Debuting a logo, a new website, and a (relatively) new office, the Sites Reservoir Project unveiled the fruits of a months-long branding effort at a press conference in Maxwell on Oct. 21.
The new logo for the project — a sleek, minimalist graphic with elements that connect the environment, farms, and water — was attached to a podium at the front of the Sites Joint Powers Authority headquarters, where an equally diverse group of people came together and took turns speaking about the project’s progress and milestones. Local and state elected officials, regional water managers, and agricultural, labor, and business leaders were among those on hand to celebrate a number key milestones. “We have a lot to be proud of,” Kim Vann, Sites Board chair, said.
The Sites Reservoir offstream storage project, which continues to gain momentum, could add 500,000 acre-feet of water to be used by the state’s homes, farms, businesses, and for the ecosystem in an average year.
Among the milestones celebrated on Oct. 21 were the passage of an assembly bill that will speed up the construction and reduce the cost of the reservoir, and the addition of new agencies who have pledged to take part in the project.
The bill, AB-2551, was co-authored by Assemblyman James Gallagher and State Senator Jim Nielsen, and signed by Gov. Jerry Brown on Sept. 28 of this year. Both Gallagher and Nielsen spoke at the press conference.
“This is a historic day. For over 50 years, since Dwight D. Eisenhower was president, we’ve been talking about Sites Reservoir,” Gallagher said. “But with what we’ve put together right now, we are actually on the path to making Sites a reality.”
Why will it be different this time around? Gallagher cited a confluence of circumstances that point to Sites finally getting built: the passage of Proposition 1, which made $2.7 billion available for water storage projects; the interest and commitment shown by stakeholders; successful outreach and promotion by the Sites Joint Powers Authority; and the passage of AB-2551.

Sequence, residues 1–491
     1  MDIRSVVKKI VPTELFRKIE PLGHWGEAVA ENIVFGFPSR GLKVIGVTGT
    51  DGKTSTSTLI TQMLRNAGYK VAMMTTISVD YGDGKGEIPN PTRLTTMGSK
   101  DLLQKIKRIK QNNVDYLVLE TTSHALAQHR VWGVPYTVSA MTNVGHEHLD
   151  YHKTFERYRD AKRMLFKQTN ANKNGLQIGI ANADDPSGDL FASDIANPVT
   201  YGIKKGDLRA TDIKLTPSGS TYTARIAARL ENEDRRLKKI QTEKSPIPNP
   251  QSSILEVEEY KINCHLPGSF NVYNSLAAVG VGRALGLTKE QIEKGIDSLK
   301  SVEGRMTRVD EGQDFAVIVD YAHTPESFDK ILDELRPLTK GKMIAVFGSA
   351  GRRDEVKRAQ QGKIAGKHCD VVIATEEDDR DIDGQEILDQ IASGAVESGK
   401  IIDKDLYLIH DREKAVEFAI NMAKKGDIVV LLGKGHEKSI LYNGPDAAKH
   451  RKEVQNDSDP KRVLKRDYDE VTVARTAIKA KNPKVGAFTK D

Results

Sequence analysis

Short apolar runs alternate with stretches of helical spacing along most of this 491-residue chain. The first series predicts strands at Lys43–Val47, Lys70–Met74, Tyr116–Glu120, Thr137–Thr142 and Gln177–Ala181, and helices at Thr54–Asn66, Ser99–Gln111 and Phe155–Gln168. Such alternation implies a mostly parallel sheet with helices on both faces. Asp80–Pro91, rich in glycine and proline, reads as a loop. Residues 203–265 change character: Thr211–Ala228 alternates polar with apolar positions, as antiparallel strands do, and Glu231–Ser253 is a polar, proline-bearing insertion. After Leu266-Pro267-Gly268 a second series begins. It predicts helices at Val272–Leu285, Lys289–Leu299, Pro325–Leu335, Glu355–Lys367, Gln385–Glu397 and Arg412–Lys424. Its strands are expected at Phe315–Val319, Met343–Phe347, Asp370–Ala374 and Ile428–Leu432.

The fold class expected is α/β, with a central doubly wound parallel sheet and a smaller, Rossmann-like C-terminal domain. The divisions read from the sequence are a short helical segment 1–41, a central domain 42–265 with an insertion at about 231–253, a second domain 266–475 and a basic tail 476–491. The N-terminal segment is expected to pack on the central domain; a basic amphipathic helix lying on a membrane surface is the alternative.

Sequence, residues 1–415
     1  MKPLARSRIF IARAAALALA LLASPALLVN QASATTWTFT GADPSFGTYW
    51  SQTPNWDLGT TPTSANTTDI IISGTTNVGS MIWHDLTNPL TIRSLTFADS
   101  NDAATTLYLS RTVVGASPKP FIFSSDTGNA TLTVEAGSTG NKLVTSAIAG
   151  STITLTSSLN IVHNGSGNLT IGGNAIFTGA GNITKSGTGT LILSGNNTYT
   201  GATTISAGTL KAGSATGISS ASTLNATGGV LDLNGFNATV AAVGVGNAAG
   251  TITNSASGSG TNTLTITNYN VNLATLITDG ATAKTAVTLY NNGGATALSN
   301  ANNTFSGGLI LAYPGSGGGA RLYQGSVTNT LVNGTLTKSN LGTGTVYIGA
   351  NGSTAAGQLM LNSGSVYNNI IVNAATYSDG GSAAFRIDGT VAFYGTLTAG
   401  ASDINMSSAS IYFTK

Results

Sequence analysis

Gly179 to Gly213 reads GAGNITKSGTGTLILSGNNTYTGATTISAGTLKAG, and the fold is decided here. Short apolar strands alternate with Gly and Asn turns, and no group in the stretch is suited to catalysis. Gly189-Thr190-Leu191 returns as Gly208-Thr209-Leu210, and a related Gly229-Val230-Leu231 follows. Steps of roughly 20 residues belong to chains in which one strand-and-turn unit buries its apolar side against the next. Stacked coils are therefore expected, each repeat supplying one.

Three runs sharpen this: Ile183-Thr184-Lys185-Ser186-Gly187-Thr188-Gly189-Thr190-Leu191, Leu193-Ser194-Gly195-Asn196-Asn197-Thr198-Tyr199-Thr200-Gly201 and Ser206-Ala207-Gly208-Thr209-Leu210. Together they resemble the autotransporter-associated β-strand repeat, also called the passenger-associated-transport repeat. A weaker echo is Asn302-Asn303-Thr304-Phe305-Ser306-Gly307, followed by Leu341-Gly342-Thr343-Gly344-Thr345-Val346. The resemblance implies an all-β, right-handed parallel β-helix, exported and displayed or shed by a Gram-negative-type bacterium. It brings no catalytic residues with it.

Nielsen commended the board for their work so far, and said that the progress on the proposed Sites Reservoir Project -— and more generally, the passage of Proposition 1 — signaled a paradigm shift in California’s water and energy policy.
“This is not for us. This is for our grandchildren. This is a time in California history where we are looking forward again — we’re looking big, rather than small. We’re not lowering expectations; we’re raising our expectations,” Nielsen said.
The renewed focus on investing in water infrastructure and the passage of Proposition 1 were made possible by a “broad coalition” of interests, Nielsen said, and that coalition would need to remain intact.
“Don’t savor the victory and think the deal is done. Until we break ground, and we put the last gallon in that reservoir, it won’t be a done deal. So let’s keep together, and let’s launch another push to ensure this dream becomes a reality for our children,” Nielsen said.
Other participants spoke about the economic and ecological benefits of the project, locally and statewide.